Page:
BCEC Monthly Labour Market Update – December 2021

PublishedJanuary 2022
PublisherBankwest Curtin Economics Centre

The nation rebound meets Omicron
On the heels of November’s record 366,000 job rebound after COVID-19 restrictions eased in the Eastern States, December delivered further growth of 64,800 jobs nationally. The participation rate remained unchanged over the month, so this translated directly into a fall in the number of unemployed persons of 62,200, driving the unemployment rate down from 4.6 per cent to 4.2 per cent, the lowest seen nationally since August of 2008, just prior to the impact of the Global Financial Crisis.

The current pace of recovery has the labour market heading toward uncharted waters. The current national series, which began in 1978, has never recorded a rate below 4.0 per cent. However, we’re only just starting to see evidence on how the Omicron outbreak is affecting the economies in the east, and we anticipate the recovery will lose steam in the coming months. For the December survey, people were asked about their employment status with reference to the two weeks from 28 November to 11 December. It wasn’t until mid-December that the daily case numbers of the Omicron variant began to accelerate, and then in Victoria from the beginning of January. Almost 90 per cent of all employment growth in the past two months has been in NSW and Victoria, but that boost from the easing of restrictions associated with the Delta strain is likely to have run its course. Meanwhile, NSW and Victoria experienced sharp drops in on-line job vacancies recorded in the month to December 21, despite many employers struggling to fill positions.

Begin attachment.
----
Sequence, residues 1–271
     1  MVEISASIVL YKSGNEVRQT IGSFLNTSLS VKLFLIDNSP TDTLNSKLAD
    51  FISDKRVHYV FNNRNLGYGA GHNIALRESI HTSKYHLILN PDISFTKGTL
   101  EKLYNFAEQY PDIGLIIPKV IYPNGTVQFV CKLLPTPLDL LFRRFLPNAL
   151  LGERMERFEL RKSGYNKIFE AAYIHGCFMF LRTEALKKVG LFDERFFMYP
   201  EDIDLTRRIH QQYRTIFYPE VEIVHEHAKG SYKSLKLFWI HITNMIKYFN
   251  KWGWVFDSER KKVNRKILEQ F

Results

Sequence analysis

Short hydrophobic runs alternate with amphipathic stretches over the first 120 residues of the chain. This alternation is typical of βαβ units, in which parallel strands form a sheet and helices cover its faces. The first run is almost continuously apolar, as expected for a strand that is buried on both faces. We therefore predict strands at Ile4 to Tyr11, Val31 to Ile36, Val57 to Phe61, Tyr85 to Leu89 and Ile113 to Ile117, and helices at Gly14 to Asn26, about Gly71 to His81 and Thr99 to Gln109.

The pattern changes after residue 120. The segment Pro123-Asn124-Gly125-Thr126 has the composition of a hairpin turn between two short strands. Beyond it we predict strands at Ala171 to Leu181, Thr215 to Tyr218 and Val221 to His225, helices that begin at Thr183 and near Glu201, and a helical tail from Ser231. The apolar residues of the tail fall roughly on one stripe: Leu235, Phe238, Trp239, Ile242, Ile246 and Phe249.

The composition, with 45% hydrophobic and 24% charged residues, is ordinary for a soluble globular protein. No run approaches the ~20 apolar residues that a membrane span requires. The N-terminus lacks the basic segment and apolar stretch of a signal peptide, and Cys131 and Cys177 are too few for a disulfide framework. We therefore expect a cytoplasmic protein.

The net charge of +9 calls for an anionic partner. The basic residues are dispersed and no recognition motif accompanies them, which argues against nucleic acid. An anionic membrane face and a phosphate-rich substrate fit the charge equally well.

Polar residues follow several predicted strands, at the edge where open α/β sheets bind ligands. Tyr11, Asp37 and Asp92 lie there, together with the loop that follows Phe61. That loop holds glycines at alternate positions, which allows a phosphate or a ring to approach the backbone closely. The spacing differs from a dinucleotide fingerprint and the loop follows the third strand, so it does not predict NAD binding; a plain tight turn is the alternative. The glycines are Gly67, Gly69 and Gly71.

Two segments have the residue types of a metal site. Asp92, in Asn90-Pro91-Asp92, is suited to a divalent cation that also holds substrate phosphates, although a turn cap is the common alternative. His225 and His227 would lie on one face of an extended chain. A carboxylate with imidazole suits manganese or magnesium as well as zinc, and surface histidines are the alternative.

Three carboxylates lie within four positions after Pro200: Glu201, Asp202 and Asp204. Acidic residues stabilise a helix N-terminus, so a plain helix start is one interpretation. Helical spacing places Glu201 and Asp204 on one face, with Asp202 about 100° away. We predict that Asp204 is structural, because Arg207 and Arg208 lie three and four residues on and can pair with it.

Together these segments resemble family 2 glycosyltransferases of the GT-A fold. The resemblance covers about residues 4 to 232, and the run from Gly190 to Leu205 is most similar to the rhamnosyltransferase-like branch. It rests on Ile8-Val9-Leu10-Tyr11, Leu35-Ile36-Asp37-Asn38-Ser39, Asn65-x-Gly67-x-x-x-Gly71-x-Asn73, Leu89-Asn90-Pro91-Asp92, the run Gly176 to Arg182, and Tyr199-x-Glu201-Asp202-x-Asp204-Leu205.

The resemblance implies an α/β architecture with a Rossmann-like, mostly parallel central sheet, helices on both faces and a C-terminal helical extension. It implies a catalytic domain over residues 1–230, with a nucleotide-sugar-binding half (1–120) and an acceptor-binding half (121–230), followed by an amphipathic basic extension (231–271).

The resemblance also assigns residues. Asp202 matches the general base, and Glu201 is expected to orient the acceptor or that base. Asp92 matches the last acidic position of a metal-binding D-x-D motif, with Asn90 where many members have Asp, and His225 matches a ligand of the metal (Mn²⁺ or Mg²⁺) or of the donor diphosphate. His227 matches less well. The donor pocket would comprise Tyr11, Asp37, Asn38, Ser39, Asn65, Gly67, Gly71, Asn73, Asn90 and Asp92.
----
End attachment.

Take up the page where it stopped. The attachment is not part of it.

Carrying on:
With reports of widespread supply issues and businesses such as airlines scaling back operations, it is likely that labour shortages will lead to reduced rather than growing employment opportunities in this environment. The high number of cases associated with the Omicron wave in January will restrict people’s capacity to participate in the labour market, whether as workers directly contracting COVID-19, as contacts, or taking on caring roles. While those absent from work will primarily remain classified as employed, we anticipate recruitment and hence employment growth at the national level stalling in coming months.

Fortress WA just got stronger
While the national series has never produced an unemployment rate commencing with a ‘3’, it may well be the norm for WA through much of 2022. The unemployment rate in this state dropped from 3.8% to 3.4%, the lowest recorded since December of 2008. Before these figures had hit the following morning’s press, WA Premier Mark McGowan announced that WA’s planned border re-opening on 5 February was to be postponed. And the delayed border opening will also push back the associated shock to WA’s labour market from increased worker mobility once people are able to come into the state to take up job opportunities. Total employment in WA actually fell slightly in December, but don’t be fooled by that. Full-time jobs and average hours worked increased strongly, vacancies remain high and, critically, commodity prices ended 2021 at near record highs.

The State’s unemployment rate for calendar 2021 came in at 4.7%, down from 6.7% in 2020. The current outlook points to the State bettering that again in 2022. Significantly, the announcements around the extension of the ‘hard-border’ included additional exemptions to facilitate recruitment of skilled workers from interstate and overseas which, if utilised at scale, will put further downward pressure on the unemployment rate. The reference period for January’s labour force survey ended on the 15th. The immediate wildcard for February is whether the current cluster of Omicron cases can be contained, while rising wage and price pressures across the country suggest a cycle of interest rate increases could commence later this year.